The Rotterdam municipal authorities gave Erasmus University its carillon in 1968, on the condition that the bells would be played every day. And before the renovation work began, they were. At noon on every Wednesday, the university’s carillonneur, Mathieu Polak, would play some music. On the four other weekdays, advanced students would be allowed to play the bells, as Polak teaches students who are interested in the carillon to play the practice keyboard downstairs, in a way that cannot be heard by passers-by.

Unfortunately, it has been a while since the bells last rang at Erasmus University. “I haven’t been at the university since August, after the lights started going out due to the work being carried out,” says Polak. Not that he’s sitting on his hands now that he can’t play the university’s carillon. “Musicians obviously have multiple gigs going on at any given time, and I play all over the world. But I do miss the university, and particularly my weekly contacts with my students. I’ve been told the renovation will be completed by the end of February, so hopefully I’ll be able to start teaching and playing again soon after that.”

Until that time he will be composing new music and adapting existing music, so that his pupils will have something new to play as soon as the renovation is over. “It will take us a while to get into it again, as the students won’t have played for quite a while. And we were on a roll with some new music. Thankfully, I have some really enthusiastic students with whom I’m still in touch, and there will always be people who are interested in learning to play this instrument,” says Polak.

The wrapped-up skybridge between the Erasmus building and the Tinbergen building, and the carillon at the Van der Mandele square.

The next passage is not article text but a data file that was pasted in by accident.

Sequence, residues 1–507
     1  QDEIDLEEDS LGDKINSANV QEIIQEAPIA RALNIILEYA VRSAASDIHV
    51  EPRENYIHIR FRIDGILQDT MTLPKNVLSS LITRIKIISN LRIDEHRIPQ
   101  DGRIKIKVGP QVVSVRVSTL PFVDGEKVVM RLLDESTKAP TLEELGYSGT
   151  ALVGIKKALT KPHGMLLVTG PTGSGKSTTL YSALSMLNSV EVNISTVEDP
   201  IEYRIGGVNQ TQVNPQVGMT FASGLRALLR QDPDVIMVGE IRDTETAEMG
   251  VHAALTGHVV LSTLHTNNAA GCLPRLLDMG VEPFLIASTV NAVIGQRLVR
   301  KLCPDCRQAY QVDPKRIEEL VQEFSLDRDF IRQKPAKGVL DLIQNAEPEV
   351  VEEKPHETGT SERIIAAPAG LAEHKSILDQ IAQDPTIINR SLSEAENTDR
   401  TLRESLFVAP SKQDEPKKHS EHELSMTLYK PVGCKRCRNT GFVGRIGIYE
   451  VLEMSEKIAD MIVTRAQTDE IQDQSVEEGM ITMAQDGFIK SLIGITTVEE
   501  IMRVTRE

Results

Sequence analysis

Polak also composes and adapts music to mark special occasions. For instance, he played Prince songs when the musician died, and he played South Korean music when the former Secretary-General of the United Stations, Ban Ki-Moon, visited EUR in 2016. Polak admits that adapting music for the carillon is not always an easy thing to do. “Bells sound completely different from the instruments most people are used to. That’s where playing the carillon becomes an art – adapting the music in such a way that it’s still recognisable when played on a completely different instrument.” Fortunately, the music he plays is often recognised. “For example, I’ll get a thumbs-up from American students when I play the Marine’s Hymn, which is used by the US Marine Corps.”

Polak is currently adapting German music, such as works by Beethoven and Bach. However, as mentioned above, it seems likely that our lunch breaks won’t be enlivened by the results of his hard work until late February. “To be honest, I’m a bit over this break. If I have to, I’ll climb the tower while wearing asbestos protective clothing, as long as I get to access my bells,” says Polak.


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